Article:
Having said that it is very very important for the urban local bodies to have an action plan to manage their fresh waste. For example, in Indore they are treating 550 tonnes of wet waste in a bio CNG plant – now imagine what is the cost of CNG in Delhi, it can become a self-sustaining option for the city. 550 tones every day Indore is generating 17,000 kg of bio CNG, so if we go by that statistics imagine how much change a city like Delhi can bring.
Also Read: Living In The Shadows Of Asia’s Largest Garbage Mountain, The Ghazipur Landfill
Swati Singh Sambyal, Waste Management Specialist at the UN-Habitat (United Nations Human Settlements Programme) says that the achievements by Indore are a result of its political and administrative will.
Indore has definitely resolved the majority of its solid waste challenge and it continues to do so. If we look at the finances, its model is highly cost-intensive. Indore has made an investment of Rs 180 crore into waste management practices and spent Rs 155 crore on its operations in 2017-2018, many cities do not get that much of money for solid waste management and sanitation. However, Indore also has a collection of user fees, and high penalty charges, and makes revenue from the sale of compost and dry waste, which makes it a win-win situation. Also, at this point, the city is known for its cleanliness and the governments have no problem in further enhancing it and ensuring the title of the cleanest city of India remains intact, for politically the will emerges from that angle.
Mr Warsi says that the success of Indore’s waste management model shows that this is not only doable but the only way forward to protect the planet from the ever-rising plastic waste problem.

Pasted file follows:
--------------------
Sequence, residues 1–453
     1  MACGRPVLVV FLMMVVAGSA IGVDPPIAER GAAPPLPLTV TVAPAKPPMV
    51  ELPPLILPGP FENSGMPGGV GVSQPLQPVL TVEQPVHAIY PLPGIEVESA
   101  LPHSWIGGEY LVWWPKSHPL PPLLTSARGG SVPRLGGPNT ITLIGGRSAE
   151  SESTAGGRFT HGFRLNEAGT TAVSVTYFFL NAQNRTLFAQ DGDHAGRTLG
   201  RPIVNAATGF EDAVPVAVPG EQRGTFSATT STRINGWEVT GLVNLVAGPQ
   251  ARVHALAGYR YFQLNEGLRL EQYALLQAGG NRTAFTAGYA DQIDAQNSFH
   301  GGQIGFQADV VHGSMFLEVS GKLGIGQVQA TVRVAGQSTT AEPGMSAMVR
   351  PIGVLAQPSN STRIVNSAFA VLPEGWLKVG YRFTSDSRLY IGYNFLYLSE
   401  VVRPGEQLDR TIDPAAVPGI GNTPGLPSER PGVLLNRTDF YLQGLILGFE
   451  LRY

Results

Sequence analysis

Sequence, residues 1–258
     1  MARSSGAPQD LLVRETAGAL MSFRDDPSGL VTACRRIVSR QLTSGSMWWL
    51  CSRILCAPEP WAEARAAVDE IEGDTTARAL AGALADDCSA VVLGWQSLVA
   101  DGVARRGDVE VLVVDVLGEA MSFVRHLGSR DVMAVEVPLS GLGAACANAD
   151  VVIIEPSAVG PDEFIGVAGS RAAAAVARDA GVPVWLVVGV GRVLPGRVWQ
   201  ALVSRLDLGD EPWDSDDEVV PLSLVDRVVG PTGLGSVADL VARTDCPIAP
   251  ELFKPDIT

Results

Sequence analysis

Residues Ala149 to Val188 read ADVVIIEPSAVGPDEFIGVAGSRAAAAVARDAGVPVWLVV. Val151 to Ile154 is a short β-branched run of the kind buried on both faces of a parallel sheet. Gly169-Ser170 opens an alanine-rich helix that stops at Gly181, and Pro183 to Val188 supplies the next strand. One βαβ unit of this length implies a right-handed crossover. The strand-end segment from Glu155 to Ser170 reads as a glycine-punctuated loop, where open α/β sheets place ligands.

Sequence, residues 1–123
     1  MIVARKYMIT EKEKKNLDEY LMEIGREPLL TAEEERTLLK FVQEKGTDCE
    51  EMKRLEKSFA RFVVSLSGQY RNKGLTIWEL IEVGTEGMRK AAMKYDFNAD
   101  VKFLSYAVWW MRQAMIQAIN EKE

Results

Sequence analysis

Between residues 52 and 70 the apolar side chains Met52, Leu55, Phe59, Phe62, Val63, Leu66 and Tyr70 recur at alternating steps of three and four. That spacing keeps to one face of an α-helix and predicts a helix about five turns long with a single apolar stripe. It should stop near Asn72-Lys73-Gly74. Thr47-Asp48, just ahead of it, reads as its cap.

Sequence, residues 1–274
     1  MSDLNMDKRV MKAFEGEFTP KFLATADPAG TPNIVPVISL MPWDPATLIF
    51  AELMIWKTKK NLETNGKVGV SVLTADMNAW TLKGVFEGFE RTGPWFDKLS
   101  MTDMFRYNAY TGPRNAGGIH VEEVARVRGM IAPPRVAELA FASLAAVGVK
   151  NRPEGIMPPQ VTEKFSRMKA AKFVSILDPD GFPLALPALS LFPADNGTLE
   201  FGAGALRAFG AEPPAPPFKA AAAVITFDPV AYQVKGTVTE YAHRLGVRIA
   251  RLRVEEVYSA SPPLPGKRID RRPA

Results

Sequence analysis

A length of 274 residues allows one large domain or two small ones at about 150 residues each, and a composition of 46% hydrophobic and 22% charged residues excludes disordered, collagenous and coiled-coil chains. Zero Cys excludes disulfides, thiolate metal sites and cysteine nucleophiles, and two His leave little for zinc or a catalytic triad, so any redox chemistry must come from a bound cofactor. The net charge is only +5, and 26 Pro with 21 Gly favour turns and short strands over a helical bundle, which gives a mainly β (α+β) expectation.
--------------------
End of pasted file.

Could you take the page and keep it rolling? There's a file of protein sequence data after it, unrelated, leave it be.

NDTV – Dettol have been working towards a clean and healthy India since 2014 via the Banega Swachh India initiative, which is helmed by Campaign Ambassador Amitabh Bachchan. The campaign aims to highlight the inter-dependency of humans and the environment, and of humans on one another with the focus on One Health, One Planet, One Future – Leaving No One Behind. It stresses on the need to take care of, and consider, everyone’s health in India – especially vulnerable communities – theLGBTQ population,indigenous people, India’s different tribes, ethnic and linguistic minorities, people with disabilities, migrants, geographically remote populations, gender and sexual minorities. In wake of the currentCOVID-19 pandemic, the need for WASH (Water,SanitationandHygiene) is reaffirmed as handwashing is one of the ways to prevent Coronavirus infection and other diseases. The campaign will continue to raise awareness on the same along with focussing on the importance of nutrition and healthcare for women and children, fightmalnutrition, mental wellbeing, self care, science and health,adolescent health & gender awareness. Along with the health of people, the campaign has realised the need to also take care of the health of the eco-system. Our environment is fragile due to human activity, which is not only over-exploiting available resources, but also generating immense pollution as a result of using and extracting those resources. The imbalance has also led to immense biodiversity loss that has caused one of the biggest threats to human survival – climate change. It has now been described as a “code red for humanity.” The campaign will continue to cover issues likeair pollution,waste management,plastic ban,manual scavengingand sanitation workers andmenstrual hygiene. Banega Swasth India will also be taking forward the dream of Swasth Bharat, the campaign feels that only a Swachh or clean India wheretoiletsare used andopen defecation free (ODF)status achieved as part of the Swachh Bharat Abhiyan launched byPrime Minister Narendra Modiin 2014, can eradicate diseases like diahorrea and the country can become a Swasth or healthy India.